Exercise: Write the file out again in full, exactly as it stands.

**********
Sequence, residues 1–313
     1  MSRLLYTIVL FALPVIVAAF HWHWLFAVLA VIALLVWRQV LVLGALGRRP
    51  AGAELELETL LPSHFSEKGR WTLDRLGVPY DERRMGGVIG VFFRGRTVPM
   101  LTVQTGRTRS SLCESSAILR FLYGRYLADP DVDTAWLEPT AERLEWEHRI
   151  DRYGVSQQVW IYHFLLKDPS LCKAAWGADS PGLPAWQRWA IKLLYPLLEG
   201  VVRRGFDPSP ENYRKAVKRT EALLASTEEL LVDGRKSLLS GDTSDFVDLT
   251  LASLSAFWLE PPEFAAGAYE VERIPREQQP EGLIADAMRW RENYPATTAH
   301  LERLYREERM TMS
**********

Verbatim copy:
Sequence, residues 1–313
     1  MSRLLYTIVL FALPVIVAAF HWHWLFAVLA VIALLVWRQV LVLGALGRRP
    51  AGAELELETL LPSHFSEKGR WTLDRLGVPY DERRMGGVIG VFFRGRTVPM
   101  LTVQTGRTRS SLCESSAILR FLYGRYLADP DVDTAWLEPT AERLEWEHRI
   151  DRYGVSQQVW IYHFLLKDPS LCKAAWGADS PGLPAWQRWA IKLLYPLLEG
   201  VVRRGFDPSP ENYRKAVKRT EALLASTEEL LVDGRKSLLS GDTSDFVDLT
   251  LASLSAFWLE PPEFAAGAYE VERIPREQQP EGLIADAMRW RENYPATTAH
   301  LERLYREERM TMS